Turkey is secular, but really now…

I am not an expert on Turkey and I know that. However, I have been to Istanbul twice and, on one occasion, had a chance to talk to some pretty well informed people — Muslims and Christians — about the situation there.

Here is what I heard, basically. Turkey retains its pride in its secular approach to life and government. However, the overwhelming reality is that more traditional forms of Islam are growing in influence and power. This creates tensions which are easy to see. Enter “Turkey” and “headscarf” into Google and see for yourself.

So the secularism is on the surface and, from time to time, this leads to trouble with religious minorities that struggle in what is actually an overwhelmingly Muslim culture, with its own unique history. Ask the Armenians. Ask the Eastern Orthodox bishops associated with the Ecumenical Patriarch.

Tensions also exist with other minorities who clash with the cultural norms.

This brings us to a Washington Post story that ran the other day under this headline: “Dissident Iranians find refuge in Turkey.” While the story deals with several issues that are driving people out of Iran and into Turkey, the emphasis is on the plight of Iranian gays and lesbians and, to a lesser degree, feminists. Here is a sample passage:

Clutching his cellphone, his main link to the country he fled to escape arrest late last year, Hamid Safari walked past storefronts in the southern Turkish city of Isparta. Alternately playing back downloaded images of Iranian street protests and songs by Madonna and Beyonce, he ignored the curious stares of passing Turks. His long, flowing hair and well-groomed eyebrows are telltale signs of gay men in Iran.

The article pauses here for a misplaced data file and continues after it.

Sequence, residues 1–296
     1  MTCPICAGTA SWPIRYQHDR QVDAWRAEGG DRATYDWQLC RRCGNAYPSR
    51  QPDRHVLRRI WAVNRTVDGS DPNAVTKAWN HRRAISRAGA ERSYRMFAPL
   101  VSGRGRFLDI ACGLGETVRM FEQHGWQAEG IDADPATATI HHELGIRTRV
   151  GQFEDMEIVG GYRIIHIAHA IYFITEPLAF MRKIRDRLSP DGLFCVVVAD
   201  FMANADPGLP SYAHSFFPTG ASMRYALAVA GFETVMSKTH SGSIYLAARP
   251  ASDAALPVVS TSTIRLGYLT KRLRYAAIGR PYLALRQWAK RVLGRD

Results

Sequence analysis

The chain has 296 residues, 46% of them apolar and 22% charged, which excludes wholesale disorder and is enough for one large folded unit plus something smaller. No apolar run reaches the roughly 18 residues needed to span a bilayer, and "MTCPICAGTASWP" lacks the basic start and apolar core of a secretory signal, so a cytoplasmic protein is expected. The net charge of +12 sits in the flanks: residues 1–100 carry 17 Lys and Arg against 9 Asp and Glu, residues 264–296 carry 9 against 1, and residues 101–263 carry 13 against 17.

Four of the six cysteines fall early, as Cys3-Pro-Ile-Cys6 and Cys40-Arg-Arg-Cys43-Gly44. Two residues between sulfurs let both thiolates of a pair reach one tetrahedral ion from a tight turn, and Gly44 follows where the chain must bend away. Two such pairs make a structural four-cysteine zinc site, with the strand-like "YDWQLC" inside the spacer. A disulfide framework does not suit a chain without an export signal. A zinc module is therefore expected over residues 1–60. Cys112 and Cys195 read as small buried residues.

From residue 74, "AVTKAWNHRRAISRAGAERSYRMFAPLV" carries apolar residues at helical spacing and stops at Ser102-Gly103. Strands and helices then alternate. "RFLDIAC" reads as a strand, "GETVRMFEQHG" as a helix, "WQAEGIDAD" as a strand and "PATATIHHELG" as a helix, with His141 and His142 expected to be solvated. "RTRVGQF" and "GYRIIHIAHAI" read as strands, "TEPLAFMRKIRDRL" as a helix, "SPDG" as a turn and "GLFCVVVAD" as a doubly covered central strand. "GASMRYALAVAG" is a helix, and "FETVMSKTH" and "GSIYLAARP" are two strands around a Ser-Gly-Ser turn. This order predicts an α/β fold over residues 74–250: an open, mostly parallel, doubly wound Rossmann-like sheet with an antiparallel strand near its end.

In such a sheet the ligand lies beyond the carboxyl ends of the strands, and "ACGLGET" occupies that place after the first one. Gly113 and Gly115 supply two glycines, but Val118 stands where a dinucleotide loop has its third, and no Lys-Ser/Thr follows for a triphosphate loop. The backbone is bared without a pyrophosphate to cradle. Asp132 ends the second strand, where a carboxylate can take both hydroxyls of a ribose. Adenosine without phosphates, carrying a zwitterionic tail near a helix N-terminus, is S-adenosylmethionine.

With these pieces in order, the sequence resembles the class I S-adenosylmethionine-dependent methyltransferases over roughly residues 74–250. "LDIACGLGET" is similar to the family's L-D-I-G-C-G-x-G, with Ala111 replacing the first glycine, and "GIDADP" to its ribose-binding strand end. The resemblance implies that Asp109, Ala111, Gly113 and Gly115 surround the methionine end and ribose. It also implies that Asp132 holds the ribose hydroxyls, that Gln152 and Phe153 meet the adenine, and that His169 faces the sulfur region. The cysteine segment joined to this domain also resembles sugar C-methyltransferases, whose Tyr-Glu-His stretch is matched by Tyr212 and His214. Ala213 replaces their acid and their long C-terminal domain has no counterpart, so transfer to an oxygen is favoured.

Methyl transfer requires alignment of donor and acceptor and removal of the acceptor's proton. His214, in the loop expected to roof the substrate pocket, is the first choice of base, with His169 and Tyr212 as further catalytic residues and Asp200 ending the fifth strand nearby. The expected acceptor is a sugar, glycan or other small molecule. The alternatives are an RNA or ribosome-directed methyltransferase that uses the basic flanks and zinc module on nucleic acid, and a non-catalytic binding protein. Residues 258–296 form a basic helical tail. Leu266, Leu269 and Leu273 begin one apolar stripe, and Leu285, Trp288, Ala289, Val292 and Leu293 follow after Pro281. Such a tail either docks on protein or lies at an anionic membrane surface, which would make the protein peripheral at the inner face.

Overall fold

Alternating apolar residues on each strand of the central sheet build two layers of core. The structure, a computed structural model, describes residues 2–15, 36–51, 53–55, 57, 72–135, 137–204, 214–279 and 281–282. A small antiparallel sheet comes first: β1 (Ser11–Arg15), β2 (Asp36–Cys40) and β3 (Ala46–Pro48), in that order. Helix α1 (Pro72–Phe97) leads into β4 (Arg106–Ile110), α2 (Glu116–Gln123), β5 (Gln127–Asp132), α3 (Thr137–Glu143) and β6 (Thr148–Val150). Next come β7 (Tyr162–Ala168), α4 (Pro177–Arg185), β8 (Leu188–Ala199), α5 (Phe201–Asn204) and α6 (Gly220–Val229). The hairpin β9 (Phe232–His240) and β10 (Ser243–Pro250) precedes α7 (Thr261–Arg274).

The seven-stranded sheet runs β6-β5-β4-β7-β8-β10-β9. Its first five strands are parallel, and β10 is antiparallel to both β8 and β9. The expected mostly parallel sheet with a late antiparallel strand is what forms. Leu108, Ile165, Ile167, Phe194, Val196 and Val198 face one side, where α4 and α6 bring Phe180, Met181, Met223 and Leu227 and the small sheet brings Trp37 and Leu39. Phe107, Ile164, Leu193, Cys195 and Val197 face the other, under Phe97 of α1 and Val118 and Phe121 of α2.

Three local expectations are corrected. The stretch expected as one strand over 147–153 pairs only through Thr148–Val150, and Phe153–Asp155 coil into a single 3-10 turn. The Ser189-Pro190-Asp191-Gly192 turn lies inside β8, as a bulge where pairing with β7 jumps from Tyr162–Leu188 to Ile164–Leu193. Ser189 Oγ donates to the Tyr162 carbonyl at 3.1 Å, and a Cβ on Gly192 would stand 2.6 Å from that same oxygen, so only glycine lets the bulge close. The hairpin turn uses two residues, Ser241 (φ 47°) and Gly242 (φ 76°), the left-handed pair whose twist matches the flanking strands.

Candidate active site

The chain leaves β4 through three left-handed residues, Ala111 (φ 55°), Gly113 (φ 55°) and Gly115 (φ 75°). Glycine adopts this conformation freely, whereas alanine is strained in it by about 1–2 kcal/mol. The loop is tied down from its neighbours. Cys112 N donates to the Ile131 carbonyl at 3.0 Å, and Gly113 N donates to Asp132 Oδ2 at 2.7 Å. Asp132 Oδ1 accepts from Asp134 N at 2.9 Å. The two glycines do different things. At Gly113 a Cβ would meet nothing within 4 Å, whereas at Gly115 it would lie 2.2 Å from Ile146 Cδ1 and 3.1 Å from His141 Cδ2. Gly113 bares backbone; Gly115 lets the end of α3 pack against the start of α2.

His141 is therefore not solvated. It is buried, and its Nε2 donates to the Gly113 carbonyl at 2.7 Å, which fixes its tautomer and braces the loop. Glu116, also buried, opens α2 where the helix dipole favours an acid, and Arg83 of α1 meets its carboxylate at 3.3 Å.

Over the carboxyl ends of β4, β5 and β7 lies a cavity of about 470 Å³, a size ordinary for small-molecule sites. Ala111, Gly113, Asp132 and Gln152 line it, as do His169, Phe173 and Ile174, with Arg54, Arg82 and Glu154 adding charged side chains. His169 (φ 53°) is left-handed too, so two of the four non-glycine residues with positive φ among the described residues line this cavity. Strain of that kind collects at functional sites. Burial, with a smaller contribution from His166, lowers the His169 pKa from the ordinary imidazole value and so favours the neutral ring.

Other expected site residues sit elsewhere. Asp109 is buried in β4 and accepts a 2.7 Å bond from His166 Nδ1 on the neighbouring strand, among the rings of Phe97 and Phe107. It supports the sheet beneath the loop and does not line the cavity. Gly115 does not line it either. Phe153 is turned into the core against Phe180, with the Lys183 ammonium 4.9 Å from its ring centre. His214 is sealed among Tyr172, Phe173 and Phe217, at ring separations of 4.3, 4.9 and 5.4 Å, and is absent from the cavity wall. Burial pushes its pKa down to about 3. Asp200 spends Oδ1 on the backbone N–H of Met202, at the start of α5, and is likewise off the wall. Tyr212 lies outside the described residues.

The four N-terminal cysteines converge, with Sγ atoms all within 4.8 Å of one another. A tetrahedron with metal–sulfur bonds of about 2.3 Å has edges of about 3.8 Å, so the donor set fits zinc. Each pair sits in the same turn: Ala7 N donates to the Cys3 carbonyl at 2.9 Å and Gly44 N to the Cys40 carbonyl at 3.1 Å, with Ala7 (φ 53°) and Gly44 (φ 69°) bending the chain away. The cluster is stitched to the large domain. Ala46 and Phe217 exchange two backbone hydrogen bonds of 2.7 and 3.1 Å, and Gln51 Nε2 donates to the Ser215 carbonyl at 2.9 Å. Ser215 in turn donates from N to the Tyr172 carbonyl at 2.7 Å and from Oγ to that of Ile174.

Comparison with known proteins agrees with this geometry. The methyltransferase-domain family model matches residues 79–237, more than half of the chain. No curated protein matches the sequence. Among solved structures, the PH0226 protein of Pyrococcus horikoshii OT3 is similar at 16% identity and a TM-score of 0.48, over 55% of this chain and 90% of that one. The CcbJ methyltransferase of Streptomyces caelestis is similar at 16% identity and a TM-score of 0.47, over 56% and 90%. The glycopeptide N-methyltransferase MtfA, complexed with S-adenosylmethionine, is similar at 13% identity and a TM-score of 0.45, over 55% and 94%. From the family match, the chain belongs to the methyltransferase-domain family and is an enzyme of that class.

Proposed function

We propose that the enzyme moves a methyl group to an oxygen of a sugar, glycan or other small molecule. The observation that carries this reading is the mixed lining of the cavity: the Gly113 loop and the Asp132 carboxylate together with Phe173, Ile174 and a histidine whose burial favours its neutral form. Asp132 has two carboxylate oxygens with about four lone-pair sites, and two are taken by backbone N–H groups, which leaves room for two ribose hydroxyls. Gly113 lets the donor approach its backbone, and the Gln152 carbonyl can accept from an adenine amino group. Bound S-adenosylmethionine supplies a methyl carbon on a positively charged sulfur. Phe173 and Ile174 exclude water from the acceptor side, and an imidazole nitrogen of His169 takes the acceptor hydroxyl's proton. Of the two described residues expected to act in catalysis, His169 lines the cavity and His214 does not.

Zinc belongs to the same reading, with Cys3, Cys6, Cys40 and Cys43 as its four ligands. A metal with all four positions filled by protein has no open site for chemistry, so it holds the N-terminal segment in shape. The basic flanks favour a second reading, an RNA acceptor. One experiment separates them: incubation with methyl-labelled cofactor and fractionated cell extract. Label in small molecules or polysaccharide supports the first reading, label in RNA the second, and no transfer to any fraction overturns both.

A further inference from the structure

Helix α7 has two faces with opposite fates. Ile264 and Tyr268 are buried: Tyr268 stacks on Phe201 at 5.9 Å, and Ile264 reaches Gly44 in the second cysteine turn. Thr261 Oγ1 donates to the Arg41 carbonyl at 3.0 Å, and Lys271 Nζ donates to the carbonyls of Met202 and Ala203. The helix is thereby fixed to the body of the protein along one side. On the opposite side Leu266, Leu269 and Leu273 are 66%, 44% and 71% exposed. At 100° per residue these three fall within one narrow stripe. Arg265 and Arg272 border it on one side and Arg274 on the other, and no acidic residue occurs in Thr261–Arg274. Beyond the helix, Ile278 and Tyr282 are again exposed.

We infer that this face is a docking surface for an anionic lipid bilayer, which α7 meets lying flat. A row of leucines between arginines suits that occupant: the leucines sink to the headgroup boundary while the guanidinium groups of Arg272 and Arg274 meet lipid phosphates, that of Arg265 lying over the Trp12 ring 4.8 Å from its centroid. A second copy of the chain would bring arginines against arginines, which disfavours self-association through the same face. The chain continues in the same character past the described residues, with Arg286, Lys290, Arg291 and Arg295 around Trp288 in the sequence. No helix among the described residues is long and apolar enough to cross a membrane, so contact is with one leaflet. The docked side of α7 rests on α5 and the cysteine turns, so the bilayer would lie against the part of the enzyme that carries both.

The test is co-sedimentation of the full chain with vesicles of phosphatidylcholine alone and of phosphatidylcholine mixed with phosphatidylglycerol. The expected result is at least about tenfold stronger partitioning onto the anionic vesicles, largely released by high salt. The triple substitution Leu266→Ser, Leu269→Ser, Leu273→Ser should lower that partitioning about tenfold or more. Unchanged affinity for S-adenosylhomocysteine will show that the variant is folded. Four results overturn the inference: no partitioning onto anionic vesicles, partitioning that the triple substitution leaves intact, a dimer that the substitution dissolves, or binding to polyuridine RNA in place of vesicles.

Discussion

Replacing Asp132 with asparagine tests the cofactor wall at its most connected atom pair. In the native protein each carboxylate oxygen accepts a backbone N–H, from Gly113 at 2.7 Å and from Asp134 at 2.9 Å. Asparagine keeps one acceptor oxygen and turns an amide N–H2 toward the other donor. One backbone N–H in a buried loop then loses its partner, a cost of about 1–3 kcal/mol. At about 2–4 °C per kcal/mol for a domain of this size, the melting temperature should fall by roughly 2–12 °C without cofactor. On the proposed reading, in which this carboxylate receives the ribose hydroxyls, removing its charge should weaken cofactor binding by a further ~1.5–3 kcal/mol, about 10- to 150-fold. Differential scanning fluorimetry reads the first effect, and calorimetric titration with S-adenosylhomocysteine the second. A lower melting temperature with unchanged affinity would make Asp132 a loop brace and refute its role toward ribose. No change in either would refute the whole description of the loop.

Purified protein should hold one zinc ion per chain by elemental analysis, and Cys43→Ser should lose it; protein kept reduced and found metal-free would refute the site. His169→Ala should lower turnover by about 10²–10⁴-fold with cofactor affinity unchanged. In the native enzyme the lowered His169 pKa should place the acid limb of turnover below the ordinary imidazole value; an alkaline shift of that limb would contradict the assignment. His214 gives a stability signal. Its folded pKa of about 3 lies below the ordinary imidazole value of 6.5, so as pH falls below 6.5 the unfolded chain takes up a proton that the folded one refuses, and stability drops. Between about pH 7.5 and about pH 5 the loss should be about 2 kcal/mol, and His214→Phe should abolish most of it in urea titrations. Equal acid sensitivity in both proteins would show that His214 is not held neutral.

“I try to blend in,” said Safari, 25. “But there is only so much I can do to avoid notice.”

One of 1,356 Iranian refugees who have fled into Turkey since June, Safari is seeking asylum overseas. Some have paid smugglers $1,500 or more to spirit them out of Iran; others risk arrest and deportation by attempting to cross directly into Western Europe. Still others, like Safari, arrive at the Turkish border and hope for the best — Turkey is one of the few nations not to require an entry visa for Iranian citizens.

Since Ahmadinejad came to power in 2005, oppression of gays has intensified, according to human rights groups. Many gay refugees here, including several who have been lashed by authorities for their sexuality, said they never labored under the illusion that Ahmadinejad’s rivals would support their cause. But they saw a change in leadership as part of a longer-term solution.

Some basic questions come to mind, start with this rather simple one: What was the basis of the persecution in Islamic Iran and how is that linked to the tensions — even if they are milder — in “secular” Turkey?

Clearly there is more to this than religion, but it is hard to imagine that religion plays no role in this story.

So, here is what you do. Take this Post report and put it in the word processor of your choice. Here is what happened when I did this.

Search for “Sharia” — no results found.

Search for “Islam” — no results found.

Search for “Muslim” — no results found.

I would have thought that religion played a role in this story, after discussing some of these issues with people on the ground in Istanbul. I guess I was wrong. I guess I was seeing a ghost or, even, more than one.

PHOTO: The poster was produced by Mike Tidmas, a gay artist in Amsterdam as part of a campaign against Iran’s crackdown on gays.

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About tmatt

Terry Mattingly directs the Washington Journalism Center at the Council for Christian Colleges and Universities. He writes a weekly column for the Universal Syndicate.

  • Jerry

    And, of course, to include/contrast the Shi’a and Sunni views on the GLBT community is too much to ask.

  • http://www.tmatt.net tmatt